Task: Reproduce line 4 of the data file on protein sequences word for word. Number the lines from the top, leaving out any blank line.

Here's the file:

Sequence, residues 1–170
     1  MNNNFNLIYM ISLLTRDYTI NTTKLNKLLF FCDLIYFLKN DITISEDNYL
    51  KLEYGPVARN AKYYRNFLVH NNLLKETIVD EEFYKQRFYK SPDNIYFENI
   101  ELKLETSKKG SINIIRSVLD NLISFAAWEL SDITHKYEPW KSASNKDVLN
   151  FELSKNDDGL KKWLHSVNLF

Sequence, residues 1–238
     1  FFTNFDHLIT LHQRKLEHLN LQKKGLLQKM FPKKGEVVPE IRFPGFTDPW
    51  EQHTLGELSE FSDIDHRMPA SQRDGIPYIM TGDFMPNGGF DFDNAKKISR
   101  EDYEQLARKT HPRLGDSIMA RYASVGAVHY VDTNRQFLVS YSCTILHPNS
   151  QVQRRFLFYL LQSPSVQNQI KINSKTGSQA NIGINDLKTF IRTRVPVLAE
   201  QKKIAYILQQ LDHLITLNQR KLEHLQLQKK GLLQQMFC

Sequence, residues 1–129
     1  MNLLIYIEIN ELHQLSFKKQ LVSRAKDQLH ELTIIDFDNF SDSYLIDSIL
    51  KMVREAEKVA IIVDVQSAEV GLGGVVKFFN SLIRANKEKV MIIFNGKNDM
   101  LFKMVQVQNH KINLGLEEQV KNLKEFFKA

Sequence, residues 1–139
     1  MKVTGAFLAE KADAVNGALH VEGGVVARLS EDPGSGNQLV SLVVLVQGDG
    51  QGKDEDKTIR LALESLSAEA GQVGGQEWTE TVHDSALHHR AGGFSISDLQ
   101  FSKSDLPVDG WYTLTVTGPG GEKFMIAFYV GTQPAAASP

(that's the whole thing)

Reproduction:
   101  ELKLETSKKG SINIIRSVLD NLISFAAWEL SDITHKYEPW KSASNKDVLN